By NewsGram Staff Writer
A recent study, conducted by Kansas State University (KSU) researchers, showed that the potential risks involved with the vegetables cultivated in polluted urban soils are not as high as it’s feared to be.
The report was published in the Journal of Environmental Quality, which stated that even though the urban soil often tends to be polluted, the plants do not absorb that much of the pollutants through the soil.
Lately, interest in ‘grow your own’ vegetables is increasing around the world, especially in the cities. Growing vegetables in home gardens is considered to be healthier than buying them from outside vendors as it is believed that home-grown vegetables have lower levels of pesticides. In addition, there’s always a fear that people might be consuming high levels of pollutants considering that urban soil is contaminated with chemicals.
In 2014, a study was conducted in the New York City community gardens, which found heavy levels of elements like lead, barium, cadmium and other harmful substance in the soil samples.
The new report published by Kansas State University has come as a reassurance for the city-gardeners.
The Discovery News reported that during the study, the scientists grew tomatoes, collard greens and carrots in urban soil and then analyzed the crops for levels of lead, arsenic and compounds called polycyclic aromatic hydrocarbons, which have the potential to be carcinogenic. They found that almost all of the vegetables turned out to have low levels of the various contaminants.
Root crops, such as carrots, were found to have the maximum uptake of substances like lead. However, the scientists reassured that it’s still not unsafe to cultivate and consume these carrots.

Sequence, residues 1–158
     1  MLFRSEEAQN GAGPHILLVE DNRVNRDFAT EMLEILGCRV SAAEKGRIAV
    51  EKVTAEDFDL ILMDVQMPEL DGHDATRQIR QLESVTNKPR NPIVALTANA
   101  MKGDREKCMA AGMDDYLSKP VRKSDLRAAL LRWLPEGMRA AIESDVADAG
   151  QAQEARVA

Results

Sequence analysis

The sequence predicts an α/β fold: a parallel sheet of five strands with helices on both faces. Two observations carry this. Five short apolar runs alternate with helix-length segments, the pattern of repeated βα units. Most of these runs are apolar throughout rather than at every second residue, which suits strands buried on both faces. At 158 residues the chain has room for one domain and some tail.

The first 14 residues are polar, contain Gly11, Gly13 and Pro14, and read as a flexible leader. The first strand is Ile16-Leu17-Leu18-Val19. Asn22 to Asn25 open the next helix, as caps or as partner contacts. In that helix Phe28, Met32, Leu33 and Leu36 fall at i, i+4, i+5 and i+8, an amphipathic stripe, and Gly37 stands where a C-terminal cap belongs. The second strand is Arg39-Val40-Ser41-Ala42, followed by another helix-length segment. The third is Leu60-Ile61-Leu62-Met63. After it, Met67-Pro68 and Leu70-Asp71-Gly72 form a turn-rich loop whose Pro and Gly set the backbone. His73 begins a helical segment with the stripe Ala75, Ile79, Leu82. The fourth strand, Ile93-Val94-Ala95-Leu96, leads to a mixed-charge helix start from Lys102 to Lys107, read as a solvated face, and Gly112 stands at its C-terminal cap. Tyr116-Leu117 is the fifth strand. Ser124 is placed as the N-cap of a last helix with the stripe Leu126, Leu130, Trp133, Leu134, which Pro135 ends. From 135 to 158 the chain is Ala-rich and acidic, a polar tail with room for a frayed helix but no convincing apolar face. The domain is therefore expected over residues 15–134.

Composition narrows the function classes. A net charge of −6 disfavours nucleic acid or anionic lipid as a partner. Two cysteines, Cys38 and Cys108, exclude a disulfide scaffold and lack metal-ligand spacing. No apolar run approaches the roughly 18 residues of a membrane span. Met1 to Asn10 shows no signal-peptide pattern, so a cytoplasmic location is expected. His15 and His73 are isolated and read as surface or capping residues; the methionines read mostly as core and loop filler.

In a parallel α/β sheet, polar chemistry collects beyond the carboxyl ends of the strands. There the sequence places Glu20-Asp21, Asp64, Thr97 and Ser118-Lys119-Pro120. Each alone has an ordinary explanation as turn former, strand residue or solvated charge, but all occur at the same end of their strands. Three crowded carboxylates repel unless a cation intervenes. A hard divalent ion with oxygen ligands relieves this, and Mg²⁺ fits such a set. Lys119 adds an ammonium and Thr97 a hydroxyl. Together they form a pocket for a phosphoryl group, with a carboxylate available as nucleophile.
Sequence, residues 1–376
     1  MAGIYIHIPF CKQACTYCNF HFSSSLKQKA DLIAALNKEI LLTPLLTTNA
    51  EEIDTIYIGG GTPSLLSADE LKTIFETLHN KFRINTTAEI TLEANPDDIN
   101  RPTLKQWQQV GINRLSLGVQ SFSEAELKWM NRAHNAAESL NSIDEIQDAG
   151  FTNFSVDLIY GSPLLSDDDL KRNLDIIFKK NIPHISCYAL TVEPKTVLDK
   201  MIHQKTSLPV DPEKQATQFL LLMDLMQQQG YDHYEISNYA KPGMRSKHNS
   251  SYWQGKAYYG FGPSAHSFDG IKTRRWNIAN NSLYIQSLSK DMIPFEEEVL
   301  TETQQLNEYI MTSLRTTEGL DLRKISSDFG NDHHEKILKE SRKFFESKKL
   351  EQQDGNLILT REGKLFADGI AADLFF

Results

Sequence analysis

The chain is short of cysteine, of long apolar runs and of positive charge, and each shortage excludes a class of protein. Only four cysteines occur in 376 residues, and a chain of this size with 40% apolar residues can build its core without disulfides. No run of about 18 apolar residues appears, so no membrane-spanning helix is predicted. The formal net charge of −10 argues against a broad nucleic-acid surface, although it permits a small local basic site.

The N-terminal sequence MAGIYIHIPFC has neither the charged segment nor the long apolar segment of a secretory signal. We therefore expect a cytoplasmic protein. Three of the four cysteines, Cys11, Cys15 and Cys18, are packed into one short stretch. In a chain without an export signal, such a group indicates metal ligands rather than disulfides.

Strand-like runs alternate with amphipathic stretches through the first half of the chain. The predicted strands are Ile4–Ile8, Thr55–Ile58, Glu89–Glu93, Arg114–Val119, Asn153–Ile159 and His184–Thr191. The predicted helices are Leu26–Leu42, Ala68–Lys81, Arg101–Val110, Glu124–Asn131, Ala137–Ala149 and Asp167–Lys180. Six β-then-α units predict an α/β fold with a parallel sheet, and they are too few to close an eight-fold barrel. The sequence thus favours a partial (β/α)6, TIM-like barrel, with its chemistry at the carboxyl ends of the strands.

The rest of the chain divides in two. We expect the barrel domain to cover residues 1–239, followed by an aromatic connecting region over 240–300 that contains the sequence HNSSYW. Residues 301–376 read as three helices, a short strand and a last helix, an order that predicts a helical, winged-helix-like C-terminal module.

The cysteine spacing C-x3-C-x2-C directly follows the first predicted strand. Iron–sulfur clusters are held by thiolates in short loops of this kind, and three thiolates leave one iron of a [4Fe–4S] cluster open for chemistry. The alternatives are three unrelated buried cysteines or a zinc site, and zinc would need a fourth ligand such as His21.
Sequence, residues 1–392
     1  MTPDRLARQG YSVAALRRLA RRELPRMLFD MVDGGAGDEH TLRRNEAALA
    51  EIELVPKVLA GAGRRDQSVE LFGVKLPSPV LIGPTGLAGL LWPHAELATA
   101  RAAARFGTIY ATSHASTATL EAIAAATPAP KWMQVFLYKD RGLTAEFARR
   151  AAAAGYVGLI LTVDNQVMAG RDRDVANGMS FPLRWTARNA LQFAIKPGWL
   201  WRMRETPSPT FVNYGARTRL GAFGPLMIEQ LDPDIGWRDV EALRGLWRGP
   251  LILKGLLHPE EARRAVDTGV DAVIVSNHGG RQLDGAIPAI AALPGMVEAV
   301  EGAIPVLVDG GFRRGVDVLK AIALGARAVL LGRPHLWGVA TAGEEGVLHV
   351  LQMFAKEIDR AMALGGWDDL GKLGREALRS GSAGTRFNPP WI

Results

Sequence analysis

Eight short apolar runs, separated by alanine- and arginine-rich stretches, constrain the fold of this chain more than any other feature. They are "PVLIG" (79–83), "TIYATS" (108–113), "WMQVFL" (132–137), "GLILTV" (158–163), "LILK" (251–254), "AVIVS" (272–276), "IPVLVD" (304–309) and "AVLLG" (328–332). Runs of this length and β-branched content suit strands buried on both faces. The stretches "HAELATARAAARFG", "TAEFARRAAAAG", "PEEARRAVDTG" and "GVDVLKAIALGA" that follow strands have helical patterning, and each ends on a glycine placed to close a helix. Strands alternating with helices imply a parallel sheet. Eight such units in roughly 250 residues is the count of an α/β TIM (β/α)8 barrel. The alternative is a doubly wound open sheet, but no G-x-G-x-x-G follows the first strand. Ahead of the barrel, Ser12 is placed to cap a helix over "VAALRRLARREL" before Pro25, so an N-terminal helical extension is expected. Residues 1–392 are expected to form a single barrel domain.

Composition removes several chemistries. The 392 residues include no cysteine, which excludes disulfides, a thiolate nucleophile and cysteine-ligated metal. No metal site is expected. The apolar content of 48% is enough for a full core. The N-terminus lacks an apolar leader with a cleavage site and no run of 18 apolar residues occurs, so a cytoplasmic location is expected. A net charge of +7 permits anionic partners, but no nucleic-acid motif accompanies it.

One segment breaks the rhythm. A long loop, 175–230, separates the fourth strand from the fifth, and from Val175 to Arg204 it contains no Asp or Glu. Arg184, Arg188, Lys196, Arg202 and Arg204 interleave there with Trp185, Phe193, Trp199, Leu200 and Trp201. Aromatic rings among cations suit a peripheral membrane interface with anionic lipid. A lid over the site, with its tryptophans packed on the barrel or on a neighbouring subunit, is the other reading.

KSU assistant professor of agronomy, Ganga Hettiarachchi, stated in the press release, “It’s important to know how these safety levels are calculated,” adding “A person isn’t going to be eating those carrots for every meal 365 days a year. In the grand scheme, personally I wouldn’t worry much about the possibility of contaminants in carrots because I know I’m not really eating that much carrot.”
The researchers listed a variety of safeguards that urban gardeners can use to further reduce their toxic exposure. Washing vegetables with a special soap was the most successful method in the laboratory, but they also found that simply rinsing them in water also provided a degree of protection.
”Soap isn’t even really necessary if you wash all of the visible soil off with water in your kitchen,” Hettiarachchi said.
“The main point is to make sure you’re not intentionally eating soil,” she added.